As the hot temperatures move into Northern California for the summer, many beat the heat at the swimming holes of the Sierra Nevada. With the snowmelt swiftly moving downstream, it significantly increases the risks at these swimming holes.
Two men died at the popular swimming hole God’s Bath in Tuolumne County on Friday and it took two days for search and rescue officials to recover their remains. The men were part of a group visiting the water on the Clavey River, with their identities yet to be revealed.
The swimming hole at God’s Bath has become popular in recent years, with online photos showing the crystal-clear waters surrounded by cliff jumping rocks. But during the early summer months, the water can be dangerous for swimmers.
“As the weather gets hot and the rivers run fast, we want to remind you that rivers are inherently dangerous places to recreate. The water can be high, swift and cold as mountain snowpack melts, making staying in control and hypothermia real risks. Logs and rocks, both visible and hidden, pose navigation hazards,” the Tuolumne County Fire Department posted on Instagram.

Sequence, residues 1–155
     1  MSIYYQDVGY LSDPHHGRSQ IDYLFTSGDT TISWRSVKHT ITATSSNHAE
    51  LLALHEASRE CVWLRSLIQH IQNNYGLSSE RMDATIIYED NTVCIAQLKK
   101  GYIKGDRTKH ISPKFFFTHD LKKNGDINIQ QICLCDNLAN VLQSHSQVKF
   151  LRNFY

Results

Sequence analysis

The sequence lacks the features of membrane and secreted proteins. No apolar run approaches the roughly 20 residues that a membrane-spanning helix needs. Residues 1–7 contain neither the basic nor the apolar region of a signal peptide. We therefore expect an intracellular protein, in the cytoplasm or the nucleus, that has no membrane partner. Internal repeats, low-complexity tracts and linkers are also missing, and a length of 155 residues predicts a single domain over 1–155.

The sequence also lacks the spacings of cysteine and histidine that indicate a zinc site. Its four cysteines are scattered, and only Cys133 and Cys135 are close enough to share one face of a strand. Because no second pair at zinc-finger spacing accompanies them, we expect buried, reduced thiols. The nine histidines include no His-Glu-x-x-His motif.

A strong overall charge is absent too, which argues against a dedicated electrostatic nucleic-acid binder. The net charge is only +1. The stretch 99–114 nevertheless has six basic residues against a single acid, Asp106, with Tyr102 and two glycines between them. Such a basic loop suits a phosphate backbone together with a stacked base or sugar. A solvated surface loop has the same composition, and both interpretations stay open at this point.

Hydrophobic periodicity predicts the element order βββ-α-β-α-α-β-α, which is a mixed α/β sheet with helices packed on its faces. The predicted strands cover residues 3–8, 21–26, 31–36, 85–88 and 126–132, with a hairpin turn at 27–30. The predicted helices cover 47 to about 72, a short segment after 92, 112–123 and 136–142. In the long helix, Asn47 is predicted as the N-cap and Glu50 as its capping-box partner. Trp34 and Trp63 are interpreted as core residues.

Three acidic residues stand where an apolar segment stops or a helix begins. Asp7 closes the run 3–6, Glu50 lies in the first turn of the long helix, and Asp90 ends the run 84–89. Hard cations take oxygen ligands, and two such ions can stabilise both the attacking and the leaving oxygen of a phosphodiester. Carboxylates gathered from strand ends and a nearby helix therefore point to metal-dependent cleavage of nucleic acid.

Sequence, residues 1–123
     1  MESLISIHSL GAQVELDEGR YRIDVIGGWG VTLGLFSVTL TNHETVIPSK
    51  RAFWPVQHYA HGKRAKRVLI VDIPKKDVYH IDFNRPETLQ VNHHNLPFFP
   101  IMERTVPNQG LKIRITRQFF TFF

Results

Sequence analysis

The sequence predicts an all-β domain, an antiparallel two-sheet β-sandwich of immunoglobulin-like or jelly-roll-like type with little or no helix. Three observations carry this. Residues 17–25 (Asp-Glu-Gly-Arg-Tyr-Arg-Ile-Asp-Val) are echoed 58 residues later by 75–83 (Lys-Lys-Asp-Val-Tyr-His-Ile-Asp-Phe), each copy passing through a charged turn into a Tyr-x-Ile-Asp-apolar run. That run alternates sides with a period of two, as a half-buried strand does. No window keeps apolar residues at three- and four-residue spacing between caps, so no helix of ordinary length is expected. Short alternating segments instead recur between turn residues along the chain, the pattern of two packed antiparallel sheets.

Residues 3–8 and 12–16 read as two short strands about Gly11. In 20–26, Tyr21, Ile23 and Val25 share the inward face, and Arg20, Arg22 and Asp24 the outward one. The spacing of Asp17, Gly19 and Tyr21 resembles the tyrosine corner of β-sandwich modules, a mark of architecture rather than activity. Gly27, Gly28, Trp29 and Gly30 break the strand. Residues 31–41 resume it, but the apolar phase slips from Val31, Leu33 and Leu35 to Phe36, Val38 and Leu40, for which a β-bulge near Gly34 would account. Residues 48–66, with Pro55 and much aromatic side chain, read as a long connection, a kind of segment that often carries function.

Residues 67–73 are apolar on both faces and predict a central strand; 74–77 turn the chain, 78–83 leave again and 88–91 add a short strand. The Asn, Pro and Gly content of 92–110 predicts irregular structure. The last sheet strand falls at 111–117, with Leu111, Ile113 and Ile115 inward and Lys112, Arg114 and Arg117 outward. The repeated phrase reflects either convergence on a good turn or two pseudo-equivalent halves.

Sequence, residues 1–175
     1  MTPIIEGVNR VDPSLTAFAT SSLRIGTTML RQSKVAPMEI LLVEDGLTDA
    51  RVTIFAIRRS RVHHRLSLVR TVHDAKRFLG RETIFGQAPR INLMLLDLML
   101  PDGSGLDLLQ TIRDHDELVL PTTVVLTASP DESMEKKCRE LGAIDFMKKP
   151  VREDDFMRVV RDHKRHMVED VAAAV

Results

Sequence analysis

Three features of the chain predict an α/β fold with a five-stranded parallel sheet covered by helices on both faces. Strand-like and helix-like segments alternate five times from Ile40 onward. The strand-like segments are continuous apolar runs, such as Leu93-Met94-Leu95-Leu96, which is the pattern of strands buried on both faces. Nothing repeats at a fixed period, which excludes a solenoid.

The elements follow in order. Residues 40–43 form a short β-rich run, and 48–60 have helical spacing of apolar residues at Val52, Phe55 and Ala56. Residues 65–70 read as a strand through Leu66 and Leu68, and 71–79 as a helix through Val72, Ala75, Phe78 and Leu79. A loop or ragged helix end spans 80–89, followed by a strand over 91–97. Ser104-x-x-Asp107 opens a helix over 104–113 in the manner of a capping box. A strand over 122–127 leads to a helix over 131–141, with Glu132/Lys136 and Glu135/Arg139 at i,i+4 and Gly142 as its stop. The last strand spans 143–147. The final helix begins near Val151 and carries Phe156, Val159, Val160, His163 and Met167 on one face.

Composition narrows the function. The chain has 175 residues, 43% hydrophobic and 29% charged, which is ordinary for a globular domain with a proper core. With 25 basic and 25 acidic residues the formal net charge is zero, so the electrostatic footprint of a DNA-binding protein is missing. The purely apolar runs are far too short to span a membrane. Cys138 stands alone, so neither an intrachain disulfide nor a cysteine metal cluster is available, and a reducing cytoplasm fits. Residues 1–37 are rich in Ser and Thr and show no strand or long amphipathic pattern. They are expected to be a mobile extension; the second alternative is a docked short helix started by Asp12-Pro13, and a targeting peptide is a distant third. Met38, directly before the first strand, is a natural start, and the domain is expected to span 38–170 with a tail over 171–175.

It’s important to know the risks of local swimming holes, especially during the annual Sierra snow runoff when the water is high, fast and extremely cold. Here are a few tips to remain safe during these conditions:
- Check river and stream conditions before heading out on your adventure and always let someone know where you are going and when you will return.
- Inquire about swimming regulations. At some recreation sites swimming is not recommended or may even be prohibited. Follow “No Swimming” signs.
- Where allowed, choose swimming areas carefully. Often hazards are not visible in what may seem like a good place to swim or wade.
- Wear a properly fitting personal flotation device (life jacket) for all river activities. Don’t assume you have the swimming skills to keep you afloat, even the strongest swimmers not be a match for water conditions.
- When near rapids or other moving water, always stay on the established trails or developed areas.
- Keep a close watch on children even if they are far from the water. Water safety for children is especially important as they can quickly enter the water when your attention is diverted for only a moment.
- Don’t walk, play or climb on slippery rocks and logs near rivers and streams.
- Don’t swim or wade upstream from a waterfall, even if the water appears shallow or calm.
- Be cautious of sudden drop-offs.
Northern California’s Outdoor Digital Newsmagazine